We are deeply concerned that the bank has seen fit to drop this vital element from its Ethical Policy implementation. Internal checks are of course important, but the bank’s ethical policy needs assurance by specialist sustainability auditors – this is a different skill-set to auditing the bank’s financials. The bank’s comment that it will take on board our feedback indicates it may be willing to change its stance on this, but we need to see a clear commitment by the bank to reinstate specialist auditing of its Ethical Policy implementation at a reasonable level of assurance for its 2019 Values and Ethics report, and if possible a commitment to audit the 2018 report retrospectively.

We will be contacting the bank to seek such a commitment, and we encourage you to write to the bank or contact them via Twitter or Facebook to let them you share our concerns about this. We will keep you posted on our next steps if no such commitment is forthcoming.

Four ethical policy declines in 2018

The bank’s V&E report also reveals the four potential customers turned down by the bank in 2018 for Ethical Policy reasons. These were:

  • “a consultancy business involved in advising the government of an oppressive regime on defence issues, including arms brokerage services”;
  • a personal customer with a “close association with members of the political system of an oppressive regime”;
  • “a jewellery business directly linked with the sourcing of gemstones from a region where there is evidence of poor human rights and labour standards”, with no sign of ethical sourcing policies; and
  • “a farming business which failed to meet adequate standards of animal welfare”.


Climate strike

Climate StrikeWe’re writing this newsletter in the midst of a dangerous heatwave that has set records across Europe for the hottest temperatures ever recorded, and the link to man-made climate change is clear. Leadership in demanding urgent action to keep fossil fuels in the ground has come from the youth climate strikers who have skipped school on regular Friday strikes, but the time is coming for all of us to join in.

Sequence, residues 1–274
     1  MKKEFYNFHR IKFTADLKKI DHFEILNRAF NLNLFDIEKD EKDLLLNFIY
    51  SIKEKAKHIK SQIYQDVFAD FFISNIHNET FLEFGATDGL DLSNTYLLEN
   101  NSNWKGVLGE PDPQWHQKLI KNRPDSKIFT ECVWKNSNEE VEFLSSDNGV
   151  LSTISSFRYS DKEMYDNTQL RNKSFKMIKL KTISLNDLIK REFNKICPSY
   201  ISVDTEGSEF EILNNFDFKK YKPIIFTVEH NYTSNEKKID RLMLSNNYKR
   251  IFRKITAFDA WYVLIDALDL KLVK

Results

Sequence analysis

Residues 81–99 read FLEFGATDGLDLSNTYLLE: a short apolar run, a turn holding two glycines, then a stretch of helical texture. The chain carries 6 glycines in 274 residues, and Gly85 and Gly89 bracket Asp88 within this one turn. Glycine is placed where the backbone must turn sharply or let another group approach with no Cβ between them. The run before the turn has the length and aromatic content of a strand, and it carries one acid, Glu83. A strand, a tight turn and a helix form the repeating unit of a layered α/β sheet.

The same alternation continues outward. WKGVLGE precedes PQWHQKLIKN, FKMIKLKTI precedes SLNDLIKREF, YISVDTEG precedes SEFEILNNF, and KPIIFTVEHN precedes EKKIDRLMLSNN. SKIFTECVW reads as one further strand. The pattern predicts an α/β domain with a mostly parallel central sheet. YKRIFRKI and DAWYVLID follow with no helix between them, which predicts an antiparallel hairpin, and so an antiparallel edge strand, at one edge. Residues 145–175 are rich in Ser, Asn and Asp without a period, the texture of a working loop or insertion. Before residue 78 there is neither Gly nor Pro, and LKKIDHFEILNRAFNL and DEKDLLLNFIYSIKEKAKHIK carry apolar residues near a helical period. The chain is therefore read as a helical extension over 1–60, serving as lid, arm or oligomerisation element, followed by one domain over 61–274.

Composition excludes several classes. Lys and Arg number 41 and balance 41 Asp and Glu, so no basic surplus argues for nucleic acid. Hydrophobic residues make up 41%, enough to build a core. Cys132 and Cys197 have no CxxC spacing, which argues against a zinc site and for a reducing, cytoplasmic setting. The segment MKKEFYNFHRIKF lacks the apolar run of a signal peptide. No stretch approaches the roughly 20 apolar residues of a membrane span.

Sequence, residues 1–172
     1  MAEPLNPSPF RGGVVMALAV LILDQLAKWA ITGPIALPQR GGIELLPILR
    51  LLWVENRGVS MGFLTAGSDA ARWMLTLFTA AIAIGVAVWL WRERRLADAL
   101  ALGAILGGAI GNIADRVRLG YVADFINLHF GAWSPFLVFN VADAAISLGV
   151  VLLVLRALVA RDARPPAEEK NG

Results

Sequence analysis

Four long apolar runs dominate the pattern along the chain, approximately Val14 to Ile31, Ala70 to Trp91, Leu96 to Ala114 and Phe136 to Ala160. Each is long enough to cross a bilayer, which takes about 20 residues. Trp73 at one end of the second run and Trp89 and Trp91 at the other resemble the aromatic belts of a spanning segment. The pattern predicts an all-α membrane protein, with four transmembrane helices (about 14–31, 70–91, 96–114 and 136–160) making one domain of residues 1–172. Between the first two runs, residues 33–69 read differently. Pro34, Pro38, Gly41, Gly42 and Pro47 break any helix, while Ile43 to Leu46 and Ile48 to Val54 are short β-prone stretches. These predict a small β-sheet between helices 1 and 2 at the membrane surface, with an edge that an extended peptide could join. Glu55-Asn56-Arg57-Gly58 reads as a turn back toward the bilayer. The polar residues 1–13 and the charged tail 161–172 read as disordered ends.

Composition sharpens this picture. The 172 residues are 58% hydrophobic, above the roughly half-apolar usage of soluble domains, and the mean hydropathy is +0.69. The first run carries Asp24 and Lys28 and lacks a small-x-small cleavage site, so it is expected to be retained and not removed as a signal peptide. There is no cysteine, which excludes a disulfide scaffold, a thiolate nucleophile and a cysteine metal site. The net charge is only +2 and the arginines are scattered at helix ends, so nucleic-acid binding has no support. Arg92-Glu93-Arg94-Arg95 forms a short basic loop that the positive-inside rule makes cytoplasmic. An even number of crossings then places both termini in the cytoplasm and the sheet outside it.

global Climate Strike is being organised on 20thSeptember, so take part if you can. According to the FT, a German ethical bank, GLS, says it will close on September 20 so all employees can join in. We hope the Co-op Bank offers its employees similar support if they wish to go on strike, particularly given the bank’s pioneering stance on not financing fossil fuels. And, if you work for the bank, you can help organise your colleagues to join in and come out onto the streets for climate justice.

Other news from the bank

When we contacted the bank regarding its Values and Ethics report, they took the opportunity flag up some developments you might be interested in.

  • Co-operative Bank logoThe introductory offer of free banking for SMEs has been extended to 30 months:
  • The bank has become one of the first to sign up to the Government’s Investing In Women initiative, which seeks to ensure support for female entrepreneurs.
  • And it is pioneering a new advertising media, Good Loop, described as “an ethical alternative to YouTube”. By using Good Loop you can donate money to Amnesty, Refuge or Centrepoint when you view the bank’s ads.

Customer Union membership and renewals

We’re entirely independent of the bank, and rely on income from membership fees and donations to operate the Customer Union and hold the bank to account on ethics and ownership. If you are not yet a member of the Customer Union - why not join us now? For just £12 per year can help us sustain and grow the world's only customer union co-operative.

If you are a member of the Customer Union, please do look out for your membership renewal email - sent out automatically by our system. If you have any questions about membership just email us at info@saveourbank.coop.

With best wishes

The Save Our Bank team

Have you joined the Customer Union yet? It costs £12 a year to be a member of the first ever customer union co-operative, and help us ensure the Co-op Bank sticks to its principles. It only takes a few moments to sign up here.